community‟s healthcare chaplains.
Making arrangements for candidates who complete suitable training to be subject to a
Report from the Principal of the educational establishment to the sponsor confirming
Making arrangements for candidates to be authorized as healthcare chaplains by the
Making arrangements for the authorized chaplain to maintain safe practice by
following guidelines issued by the faith community as to the conduct of authorized
Making arrangements for the faith community to oversee the conduct of the
authorised person where this appears to deviate from the guidelines proposed.
5. In the longer term, it is the intended that the authorisation bodies would be members of
the MFGHC on behalf of the faith community.
BUDDHIST HEALTHCARE CHAPLAINCY GROUP (BHCG)
Discussion has taken place within the Buddhist community for a good number of years on its
wish to be involved with Hospital Chaplaincy. For some time the Buddhist Society in London
fostered this project and first bid for funding.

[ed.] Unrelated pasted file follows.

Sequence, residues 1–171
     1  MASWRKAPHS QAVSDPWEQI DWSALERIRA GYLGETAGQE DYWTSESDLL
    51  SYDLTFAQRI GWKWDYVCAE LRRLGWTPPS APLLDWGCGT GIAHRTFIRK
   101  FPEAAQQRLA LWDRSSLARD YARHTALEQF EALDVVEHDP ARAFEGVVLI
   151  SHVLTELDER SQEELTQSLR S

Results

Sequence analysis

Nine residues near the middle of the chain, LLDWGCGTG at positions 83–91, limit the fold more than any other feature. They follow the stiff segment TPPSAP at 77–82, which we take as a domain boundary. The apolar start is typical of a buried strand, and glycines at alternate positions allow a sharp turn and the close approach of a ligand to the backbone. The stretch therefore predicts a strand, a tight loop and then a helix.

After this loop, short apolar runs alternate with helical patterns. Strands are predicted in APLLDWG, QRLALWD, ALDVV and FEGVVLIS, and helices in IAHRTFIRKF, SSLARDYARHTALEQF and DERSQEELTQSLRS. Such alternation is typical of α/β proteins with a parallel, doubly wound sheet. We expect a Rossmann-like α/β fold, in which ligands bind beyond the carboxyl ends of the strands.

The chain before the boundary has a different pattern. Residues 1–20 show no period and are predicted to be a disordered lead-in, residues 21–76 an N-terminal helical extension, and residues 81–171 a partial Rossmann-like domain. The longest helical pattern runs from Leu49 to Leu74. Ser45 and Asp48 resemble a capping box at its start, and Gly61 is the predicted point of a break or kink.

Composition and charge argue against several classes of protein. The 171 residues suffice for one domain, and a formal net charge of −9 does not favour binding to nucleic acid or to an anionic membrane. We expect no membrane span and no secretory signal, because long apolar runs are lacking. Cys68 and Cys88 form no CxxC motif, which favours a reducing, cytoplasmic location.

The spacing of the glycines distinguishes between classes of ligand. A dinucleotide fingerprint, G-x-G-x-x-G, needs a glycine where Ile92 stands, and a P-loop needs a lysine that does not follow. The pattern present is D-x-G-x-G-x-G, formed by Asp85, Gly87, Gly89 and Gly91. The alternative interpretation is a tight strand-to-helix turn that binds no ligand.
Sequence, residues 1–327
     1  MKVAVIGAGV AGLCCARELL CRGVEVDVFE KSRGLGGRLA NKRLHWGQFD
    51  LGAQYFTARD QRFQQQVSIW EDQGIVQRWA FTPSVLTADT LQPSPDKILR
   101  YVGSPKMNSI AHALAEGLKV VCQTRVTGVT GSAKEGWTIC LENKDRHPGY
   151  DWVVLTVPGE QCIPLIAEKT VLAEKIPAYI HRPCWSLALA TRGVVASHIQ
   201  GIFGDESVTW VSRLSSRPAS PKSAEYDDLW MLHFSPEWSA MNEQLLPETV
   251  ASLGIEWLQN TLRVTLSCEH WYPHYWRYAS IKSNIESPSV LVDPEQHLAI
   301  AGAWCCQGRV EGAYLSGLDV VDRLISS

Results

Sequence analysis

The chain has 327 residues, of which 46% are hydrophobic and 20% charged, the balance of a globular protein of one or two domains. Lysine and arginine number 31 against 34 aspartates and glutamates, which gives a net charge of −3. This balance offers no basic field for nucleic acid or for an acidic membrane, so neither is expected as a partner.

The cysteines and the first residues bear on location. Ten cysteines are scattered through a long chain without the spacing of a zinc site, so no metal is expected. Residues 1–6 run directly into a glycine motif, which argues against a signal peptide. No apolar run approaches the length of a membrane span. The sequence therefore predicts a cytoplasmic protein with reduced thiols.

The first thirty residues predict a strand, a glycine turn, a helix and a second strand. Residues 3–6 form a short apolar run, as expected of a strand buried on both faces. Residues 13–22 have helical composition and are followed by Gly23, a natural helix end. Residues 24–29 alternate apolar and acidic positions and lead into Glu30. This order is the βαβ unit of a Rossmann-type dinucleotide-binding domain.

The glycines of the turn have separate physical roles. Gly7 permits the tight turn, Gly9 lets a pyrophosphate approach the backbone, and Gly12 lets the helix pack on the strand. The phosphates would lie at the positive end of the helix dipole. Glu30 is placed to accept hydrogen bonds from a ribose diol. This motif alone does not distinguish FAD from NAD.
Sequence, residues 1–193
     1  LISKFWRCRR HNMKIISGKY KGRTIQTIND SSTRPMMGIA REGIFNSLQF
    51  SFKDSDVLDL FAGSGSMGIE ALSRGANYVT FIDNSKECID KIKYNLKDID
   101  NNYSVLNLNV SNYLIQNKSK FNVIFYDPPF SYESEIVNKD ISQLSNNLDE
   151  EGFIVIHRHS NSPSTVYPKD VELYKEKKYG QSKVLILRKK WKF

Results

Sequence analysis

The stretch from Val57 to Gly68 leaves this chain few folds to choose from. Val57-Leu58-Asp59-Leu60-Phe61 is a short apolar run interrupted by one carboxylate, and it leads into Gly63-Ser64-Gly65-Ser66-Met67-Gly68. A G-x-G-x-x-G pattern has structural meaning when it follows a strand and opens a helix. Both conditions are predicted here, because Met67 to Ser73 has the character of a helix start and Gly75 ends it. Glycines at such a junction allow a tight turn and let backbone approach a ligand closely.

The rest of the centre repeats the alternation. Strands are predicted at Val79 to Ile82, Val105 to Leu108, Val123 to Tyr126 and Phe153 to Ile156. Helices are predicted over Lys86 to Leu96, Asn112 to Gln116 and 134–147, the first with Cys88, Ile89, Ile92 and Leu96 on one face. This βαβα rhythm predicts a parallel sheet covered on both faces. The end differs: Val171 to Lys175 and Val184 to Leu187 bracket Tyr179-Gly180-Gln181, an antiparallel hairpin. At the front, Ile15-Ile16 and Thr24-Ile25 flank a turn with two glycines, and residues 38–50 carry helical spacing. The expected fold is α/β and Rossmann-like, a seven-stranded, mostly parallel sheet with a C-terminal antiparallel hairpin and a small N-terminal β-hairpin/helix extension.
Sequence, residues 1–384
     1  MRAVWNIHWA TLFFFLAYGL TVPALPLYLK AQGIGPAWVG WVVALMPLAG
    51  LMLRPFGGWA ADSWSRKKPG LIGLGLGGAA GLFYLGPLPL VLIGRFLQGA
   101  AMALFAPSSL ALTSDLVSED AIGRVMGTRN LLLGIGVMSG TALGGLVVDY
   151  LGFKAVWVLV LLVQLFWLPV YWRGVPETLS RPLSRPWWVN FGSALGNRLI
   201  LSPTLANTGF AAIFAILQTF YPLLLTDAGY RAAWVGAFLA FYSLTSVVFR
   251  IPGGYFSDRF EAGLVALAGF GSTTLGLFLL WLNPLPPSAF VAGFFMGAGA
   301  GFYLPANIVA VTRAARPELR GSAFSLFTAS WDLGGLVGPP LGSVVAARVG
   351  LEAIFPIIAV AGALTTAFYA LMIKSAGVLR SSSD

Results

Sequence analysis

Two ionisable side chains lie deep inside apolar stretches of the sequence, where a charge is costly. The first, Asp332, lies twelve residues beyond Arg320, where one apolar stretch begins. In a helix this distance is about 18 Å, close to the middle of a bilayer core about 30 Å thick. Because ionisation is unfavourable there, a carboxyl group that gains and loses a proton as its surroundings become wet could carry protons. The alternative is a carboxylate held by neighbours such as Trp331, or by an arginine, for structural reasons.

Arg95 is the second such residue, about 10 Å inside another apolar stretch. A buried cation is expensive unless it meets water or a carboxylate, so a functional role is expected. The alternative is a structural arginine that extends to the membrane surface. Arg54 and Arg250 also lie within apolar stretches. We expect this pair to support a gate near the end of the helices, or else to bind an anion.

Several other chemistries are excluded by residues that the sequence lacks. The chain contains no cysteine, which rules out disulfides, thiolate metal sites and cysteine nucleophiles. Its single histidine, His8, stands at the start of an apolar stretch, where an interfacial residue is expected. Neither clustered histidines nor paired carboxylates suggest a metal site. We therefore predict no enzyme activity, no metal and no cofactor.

From 2005 onwards, BHCG has initiated a concerted effort to meet NHS wishes for more
trained chaplains from different faiths, taking this mantle over from the Buddhist Society.
Since then it has been engaged in a consultative process within the Buddhist community that
has included discussion with the following groups, schools or traditions:
Samatha Association, Friends of the Western Buddhist Order, Amida Trust, Rigpa UK
Spiritual Care, Soto Zen, Shenpen (Dzogchen), Buddhist Society, Network of Buddhist
Organisations, Amaravati, Buddhist Hospice Trust, Buddhavihara Temple [Lichfield] and
New Kadampa Tradition (NKT).
In December 2006 a questionnaire sent out to 600 hospitals in England and Wales received 86
replies revealing no paid Buddhist Chaplains and an estimated 40 or more chaplains working
as volunteers within chaplaincy teams (a good number of these were trained by NKT). Most
hospitals answering the questionnaire said that they could contact a Buddhist to visit a patient
if needs be, for example in an emergency.